I was going along at a good clip when at mile 2.6 I spotted it: the first blerch/nutella/cake/couch station! I pulled over immediately to snap a few shots and relax

Who can say "no" to that blerch?

Who can say “no” to that blerch?

on the couch for just a moment. The blerch became quite insistent that I eat some cake… so who am I to deny a friendly blerch in the wild?

I took my first spill about .1 miles after this on a sleep and rocky uphill, at which point I decided to go even slower than I had previously planned. I didn’t want to injure myself on the course, and since trail running is almost entirely new to me (I do wish I had been warned about this aspect of the course so I could have prepared for it a little more), I slowed down where I needed to. My new rule was “run when you feel safe enough and strong enough”. This did pretty well for me; I ran sections that I would previously have balked at, and I only wiped out one addition time (in mile 11 somewhere).

Right about midway through the half, I found another blerch. This time, I was ready for her. She never saw me coming.12038525_10104346354966609_8756553916662076957_n

I ate cake and/or nutella at every aid station. I stopped at every aid station but one for water (they were advertised as b
eing every two miles, they were more like every 3; there were four total on the half loop and I was glad that I decided to wear a fuel belt). I’m told that one or two of the aid stations ran out of water and/or cups earlier in the race, but when I arrived they were well stocked.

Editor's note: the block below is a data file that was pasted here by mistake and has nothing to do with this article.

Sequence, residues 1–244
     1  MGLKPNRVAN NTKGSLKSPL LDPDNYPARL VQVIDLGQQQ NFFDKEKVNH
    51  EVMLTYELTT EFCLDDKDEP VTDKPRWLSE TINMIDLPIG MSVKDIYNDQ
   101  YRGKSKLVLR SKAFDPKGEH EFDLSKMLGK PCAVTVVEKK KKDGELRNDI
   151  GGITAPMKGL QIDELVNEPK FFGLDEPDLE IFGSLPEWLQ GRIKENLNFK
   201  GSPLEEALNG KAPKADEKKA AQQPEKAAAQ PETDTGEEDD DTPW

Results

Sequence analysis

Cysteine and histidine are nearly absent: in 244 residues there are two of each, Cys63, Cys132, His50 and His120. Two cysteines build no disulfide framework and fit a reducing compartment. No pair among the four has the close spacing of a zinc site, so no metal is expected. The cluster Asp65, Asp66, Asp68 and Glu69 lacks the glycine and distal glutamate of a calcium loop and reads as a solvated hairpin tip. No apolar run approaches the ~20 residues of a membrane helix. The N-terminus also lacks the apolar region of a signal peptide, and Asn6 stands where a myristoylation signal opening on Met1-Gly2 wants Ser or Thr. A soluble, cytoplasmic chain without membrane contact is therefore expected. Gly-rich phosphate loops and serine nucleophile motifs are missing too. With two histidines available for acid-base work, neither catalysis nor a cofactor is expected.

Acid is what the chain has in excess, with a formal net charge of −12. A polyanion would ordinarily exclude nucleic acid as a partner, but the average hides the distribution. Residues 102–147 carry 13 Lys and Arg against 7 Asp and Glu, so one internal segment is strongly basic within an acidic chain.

Since the course was notoriously bad for GPS service (every runner experienced some form of Garmin drop-off), I had no idea what my time looked like as I approached the finish line. I knew that I felt strong and that, unlike in my half in May, the tank wasn’t empty. This race was very much a test run for how I felt about starting marathon training (and if I really should, or if I should get some more base mileage in first). As I was feeling pretty great about life, I think all signs might point to “yes”.

An awesome touch was that the announcer at the finish line cheered runners by name as

Crossing the finish line; my patented victory jump

Crossing the finish line; my patented victory jump

they approached. This was a great use of RFID technology already in play at races, and it was pretty awesome to get a big “YOU GET IT, DANIELLE!” as I was coming in from some dude dressed as bacon. SCORE!

As an awesome cherry on the top of the sundae, despite the technical trails, crazy elevation gain, walk breaks, and blerch breaks, my time came in only ten minutes slower than my half in May (which had none of the above). This gives me great hope for crushing my PR at my next half in November.

Beat the Blerch was a fun race. The troubles I mention above are growing pains for any first-year course, and since the internet has done enough whining about them I think they will be addressed

Of course, what's a finish without a flex?

Of course, what’s a finish without a flex?

before another race is held in this location. I would definitely run it again, though I won’t be running the marathon on this course (too technical, too high a risk of injury, and since it’s a twice around the half loop marathon course it would be too demoralizing for me to pass the finish line and just head right back out again rather than finishing). I’ll find another marathon; though I will continue to beat blerches if given the opportunity.

The cake, by the way, was delicious and I was gifted with a “Nutella taco” (a banana wrapped in wheat bread spread with Nutella) at the finish line. PERFECT finish line food.

Me and honey beating that blerch!

Me and honey beating that blerch!